In neonatal care, we will soon be adding a bodycooling equipment, which will help achieve hypothermia in neonates with brain related injuries. This will help improve the long term outcome for these babies.
Do you have any collaboration and accreditation strategies?
Now that we are well established, we have initiated the accreditation processes. In terms of collaboration, we will be outsourcing our Dialysis sector very soon.
We had a charitable joint venture with the Pune Municipal Corporation for 7 years, providing maternity services on a completely charitable basis.
What are your expectations from the new government?
All of us are aware that there is a huge gap in providing healthcare service to the masses in India. The doctor- patient ratios in the urban and rural sectors are dismal.
Healthcare should be treated on urgent and priority basis in both public and private sectors.
Healthcare budget in the public health sector should be increased. Needless to say that only increasing expenditure on healthcare is useless unless appropriate utilization of funds to truly provide healthcare is ensured at the micro level. That is the key.In the private health sector, the biggest cost is real estate and infrastructure maintenance. The private sector hospitals should be given a higher FSI and lower electricity and water tariffs and health care should be given a reduced tax structure. This will allow the private sector to pro vide cheaper healthcare. If the private health sector is given an economic boost, it will go a long way in increasing the reach of health care to the lower socio-economic sections.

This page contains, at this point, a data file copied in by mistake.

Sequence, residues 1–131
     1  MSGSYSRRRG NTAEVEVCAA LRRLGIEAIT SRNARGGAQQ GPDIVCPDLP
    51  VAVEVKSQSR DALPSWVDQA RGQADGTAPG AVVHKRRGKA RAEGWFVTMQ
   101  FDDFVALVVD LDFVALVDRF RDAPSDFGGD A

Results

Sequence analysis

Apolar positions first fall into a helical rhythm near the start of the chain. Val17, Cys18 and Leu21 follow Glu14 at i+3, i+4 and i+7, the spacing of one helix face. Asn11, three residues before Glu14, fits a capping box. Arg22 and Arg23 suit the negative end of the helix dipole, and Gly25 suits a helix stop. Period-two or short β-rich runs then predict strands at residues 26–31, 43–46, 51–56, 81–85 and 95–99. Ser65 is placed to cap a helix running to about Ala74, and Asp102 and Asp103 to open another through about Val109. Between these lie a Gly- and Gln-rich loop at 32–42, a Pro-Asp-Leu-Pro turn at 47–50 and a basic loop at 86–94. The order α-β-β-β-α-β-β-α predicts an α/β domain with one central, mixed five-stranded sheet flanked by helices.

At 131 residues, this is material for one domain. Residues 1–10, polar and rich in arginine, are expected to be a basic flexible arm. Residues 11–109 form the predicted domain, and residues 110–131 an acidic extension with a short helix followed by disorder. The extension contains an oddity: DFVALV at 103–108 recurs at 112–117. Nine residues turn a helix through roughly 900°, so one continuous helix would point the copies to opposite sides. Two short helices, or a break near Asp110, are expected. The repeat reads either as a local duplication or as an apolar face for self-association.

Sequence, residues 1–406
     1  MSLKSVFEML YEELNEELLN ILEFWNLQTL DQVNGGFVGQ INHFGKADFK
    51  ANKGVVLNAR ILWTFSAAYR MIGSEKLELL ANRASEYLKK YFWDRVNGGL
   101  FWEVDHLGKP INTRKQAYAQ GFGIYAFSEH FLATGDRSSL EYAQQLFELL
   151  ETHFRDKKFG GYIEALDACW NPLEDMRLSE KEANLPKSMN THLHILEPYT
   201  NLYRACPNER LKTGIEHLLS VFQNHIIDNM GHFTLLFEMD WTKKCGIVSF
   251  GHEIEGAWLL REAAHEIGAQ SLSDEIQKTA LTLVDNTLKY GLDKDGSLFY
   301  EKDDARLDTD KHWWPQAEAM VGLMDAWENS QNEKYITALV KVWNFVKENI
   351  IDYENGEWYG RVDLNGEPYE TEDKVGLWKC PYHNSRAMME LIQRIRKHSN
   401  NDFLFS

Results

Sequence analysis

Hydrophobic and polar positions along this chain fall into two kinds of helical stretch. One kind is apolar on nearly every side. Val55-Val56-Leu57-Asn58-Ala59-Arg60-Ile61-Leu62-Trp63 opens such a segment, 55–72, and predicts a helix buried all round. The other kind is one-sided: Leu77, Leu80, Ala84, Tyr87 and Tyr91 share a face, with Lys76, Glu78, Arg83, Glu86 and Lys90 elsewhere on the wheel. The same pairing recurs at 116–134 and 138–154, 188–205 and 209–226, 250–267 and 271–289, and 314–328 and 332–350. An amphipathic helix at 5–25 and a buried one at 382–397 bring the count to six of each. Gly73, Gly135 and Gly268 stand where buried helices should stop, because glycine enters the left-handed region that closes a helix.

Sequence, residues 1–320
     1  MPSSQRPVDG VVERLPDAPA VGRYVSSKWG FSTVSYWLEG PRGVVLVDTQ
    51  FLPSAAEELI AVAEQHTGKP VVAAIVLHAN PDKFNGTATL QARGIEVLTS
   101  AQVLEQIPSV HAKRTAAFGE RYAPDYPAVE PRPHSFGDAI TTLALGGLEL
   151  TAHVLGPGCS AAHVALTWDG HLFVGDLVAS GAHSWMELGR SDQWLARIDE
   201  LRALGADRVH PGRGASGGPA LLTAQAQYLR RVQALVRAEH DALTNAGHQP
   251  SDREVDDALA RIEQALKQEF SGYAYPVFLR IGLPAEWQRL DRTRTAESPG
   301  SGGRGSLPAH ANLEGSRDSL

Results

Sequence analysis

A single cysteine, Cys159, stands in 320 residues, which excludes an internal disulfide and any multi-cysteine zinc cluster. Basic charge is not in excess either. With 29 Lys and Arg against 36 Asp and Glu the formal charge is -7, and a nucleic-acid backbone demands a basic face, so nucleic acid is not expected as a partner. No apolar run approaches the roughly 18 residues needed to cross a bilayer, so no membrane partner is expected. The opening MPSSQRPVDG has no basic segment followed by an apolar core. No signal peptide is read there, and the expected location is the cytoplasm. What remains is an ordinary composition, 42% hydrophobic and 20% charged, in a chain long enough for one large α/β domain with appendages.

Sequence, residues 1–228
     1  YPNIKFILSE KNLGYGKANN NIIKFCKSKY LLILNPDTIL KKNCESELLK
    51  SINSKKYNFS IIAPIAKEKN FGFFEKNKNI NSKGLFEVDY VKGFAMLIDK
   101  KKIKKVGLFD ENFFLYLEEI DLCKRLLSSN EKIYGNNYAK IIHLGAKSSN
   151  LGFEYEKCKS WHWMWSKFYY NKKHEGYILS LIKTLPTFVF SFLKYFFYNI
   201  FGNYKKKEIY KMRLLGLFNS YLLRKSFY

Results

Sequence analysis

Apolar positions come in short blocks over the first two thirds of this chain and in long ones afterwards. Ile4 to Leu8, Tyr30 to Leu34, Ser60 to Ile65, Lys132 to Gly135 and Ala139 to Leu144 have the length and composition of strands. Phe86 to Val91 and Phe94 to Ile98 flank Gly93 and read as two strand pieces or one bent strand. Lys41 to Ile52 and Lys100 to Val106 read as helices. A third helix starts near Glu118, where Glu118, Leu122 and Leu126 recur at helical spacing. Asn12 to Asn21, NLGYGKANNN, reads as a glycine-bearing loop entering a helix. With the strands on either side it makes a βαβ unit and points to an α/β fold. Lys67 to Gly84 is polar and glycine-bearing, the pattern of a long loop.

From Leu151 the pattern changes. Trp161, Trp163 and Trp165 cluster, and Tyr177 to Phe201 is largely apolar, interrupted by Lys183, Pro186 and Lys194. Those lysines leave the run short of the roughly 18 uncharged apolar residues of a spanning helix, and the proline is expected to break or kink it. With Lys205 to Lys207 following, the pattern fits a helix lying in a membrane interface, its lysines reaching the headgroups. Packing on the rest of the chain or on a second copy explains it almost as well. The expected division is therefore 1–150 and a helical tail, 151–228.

Health Insurance is creeping in slowly, but surely and government policies on the same should be fine tuned. Insurance companies will soon rule the economics of the private sector health care and unless the financials of the same are regulated, the private sector will find viability difficult because the margins of the insurance packages are very low.
“ONP Hospitals looks to expand in two directions “ towards smaller towns, such as Osmanabad and Ratnagiri, and towards larger cities, such as Mumbai, hence targeting 500 beds by late 2015”
How do you look upon the opportunities in Tier II and Tier III cities?
The scope is tremendous, but offering low cost health care is the key.
The challenge is to manage an en- terprise from a distance and to be successful with that. Local deployment of the entire team of doctors, nurses and other manpower is the key with, superspecialty support provided periodically. Healthcare sector establishment and break even takes at least three years and when we set out, it is important to make the financial plan accordingly. Equity investors in healthcare need to keep a long term horizon in mind. Short term yields are poor and then there is disappointment.
What are your initiatives in terms of IT into health industry?
Over 10 years ago, we developed our own healthcare software labelled LeelaMed.
Initial versions were developed for infertility; but, now it has evolved into complete health care software.